Post-Apocalyptic Churches

The science fiction site IO9 posted some photos altered by a Russian artist to depict post-apocalyptic scenes. Several of them are very striking. This one, however, particularly caught my attention:

I suspect that churches that remained standing after an apocalypse would take on new or renewed significance – not necessarily in a manner that was typical of what went on their previously.

That is, after all, something of what we see going on at this very moment in Indiana and other places ravaged by tornadoes.

From a sci-fi perspective and interest, what would you imagine the role might be, in a post-apocalyptic world, of religion and the buildings associated with it?

  • http://twitter.com/Verifieddata Verifieddatᾱ

    It looks like a Roman Catholic Church to me with all the materialistic aspects of it. Although, if that is the case it will be short-lived as a church, as what will be left from the population will be the doomed and lost souls. So, it will be more like a correctional facility in its practice. From a Sci-Fi perspective I would think that it would actually be filled with people looking for refuge, or if it’s a protestant Church it would be also, in addition, full of people waiting for the rapture operation mentioned in the book of Revelations.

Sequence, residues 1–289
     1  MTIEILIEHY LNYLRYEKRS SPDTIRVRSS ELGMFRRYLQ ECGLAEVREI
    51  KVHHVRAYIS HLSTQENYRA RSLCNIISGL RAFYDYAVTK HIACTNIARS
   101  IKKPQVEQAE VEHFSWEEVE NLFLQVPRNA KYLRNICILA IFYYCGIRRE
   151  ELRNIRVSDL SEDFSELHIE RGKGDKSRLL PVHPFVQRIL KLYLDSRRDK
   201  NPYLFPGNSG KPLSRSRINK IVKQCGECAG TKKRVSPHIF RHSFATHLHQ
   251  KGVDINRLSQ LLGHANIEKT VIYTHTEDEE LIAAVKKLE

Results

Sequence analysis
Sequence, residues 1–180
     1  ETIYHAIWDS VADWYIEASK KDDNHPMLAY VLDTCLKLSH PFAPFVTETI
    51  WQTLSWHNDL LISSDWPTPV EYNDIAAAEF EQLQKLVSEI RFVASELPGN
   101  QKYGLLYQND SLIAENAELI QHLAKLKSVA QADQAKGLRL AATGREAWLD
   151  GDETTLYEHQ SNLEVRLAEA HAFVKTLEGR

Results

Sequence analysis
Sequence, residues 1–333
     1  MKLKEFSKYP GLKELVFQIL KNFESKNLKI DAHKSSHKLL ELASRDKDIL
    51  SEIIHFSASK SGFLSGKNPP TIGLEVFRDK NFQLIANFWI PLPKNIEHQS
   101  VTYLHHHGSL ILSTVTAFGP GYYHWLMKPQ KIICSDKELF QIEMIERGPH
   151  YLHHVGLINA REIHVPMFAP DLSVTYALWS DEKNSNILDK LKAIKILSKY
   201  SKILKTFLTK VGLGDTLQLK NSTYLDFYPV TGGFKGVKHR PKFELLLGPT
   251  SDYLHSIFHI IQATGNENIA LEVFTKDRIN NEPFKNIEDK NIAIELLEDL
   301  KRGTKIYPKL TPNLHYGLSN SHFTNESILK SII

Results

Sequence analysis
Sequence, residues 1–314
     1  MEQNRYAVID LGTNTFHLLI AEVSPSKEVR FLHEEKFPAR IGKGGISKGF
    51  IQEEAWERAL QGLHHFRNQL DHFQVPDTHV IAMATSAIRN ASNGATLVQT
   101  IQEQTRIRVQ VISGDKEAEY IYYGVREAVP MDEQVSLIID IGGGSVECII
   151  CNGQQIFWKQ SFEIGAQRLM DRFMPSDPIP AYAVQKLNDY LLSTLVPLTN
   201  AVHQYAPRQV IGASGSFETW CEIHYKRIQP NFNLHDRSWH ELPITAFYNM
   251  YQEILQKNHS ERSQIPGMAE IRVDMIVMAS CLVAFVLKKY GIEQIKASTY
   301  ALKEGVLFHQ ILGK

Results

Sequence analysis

• http://structuralarchaeology.blogspot.com/ Geoff Cater

    Churches tend to be large and hard to heat, in addition, they use complex architectural systems that are difficult to maintain, and are thus probably best avoided in a post- apocalyptic world. 
    They also contain priests and similar, not usually individuals blessed with the useful practical skills that might required for survival.

  • Anonymous

    I agree with Geoff about the practical problems of a church.  However, churches are frequently the most noticeable buildings in the region.  They are already the focus of a community.  They have plenty of unpartitioned space  for storage or emergency dwelling.  They tend to be slightly raised, giving them an advantage during flooding.  They might also be easier to defend, with only a few entrances and one large main entrance with a heavy door (on most churches I’ve dealt with).

    All-in-all, I think that churches would likely become community centers, useful as meeting places and rally points.  Churches in medieval times tended to be the central building of the town, where everyone meets to do business or just hang out and chat.  I understand that mosques play that role today in many muslim communities.  All that and they’d continue to be worship centers, of course.

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  • Ian

    We can look at the role of churches in disaster areas. The Indian ocean tsunami was an apocalypse for those communities affected, places of worship often were the most solid buildings and therefore the best preserved. But as far as I could tell reading Newsweek et al at the time, there wasn’t enough in the surrounding towns to support the population, so the population migrated out to seek help. I suspect the same would occur in the zombie apocalypse. Round here I’d head for the big castles. Defensible, and plenty of internal space to grow stuff or corral sheep.

    Thinking of this reminded me of my favorite Larkin poem: http://www.artofeurope.com/larkin/lar5.htm


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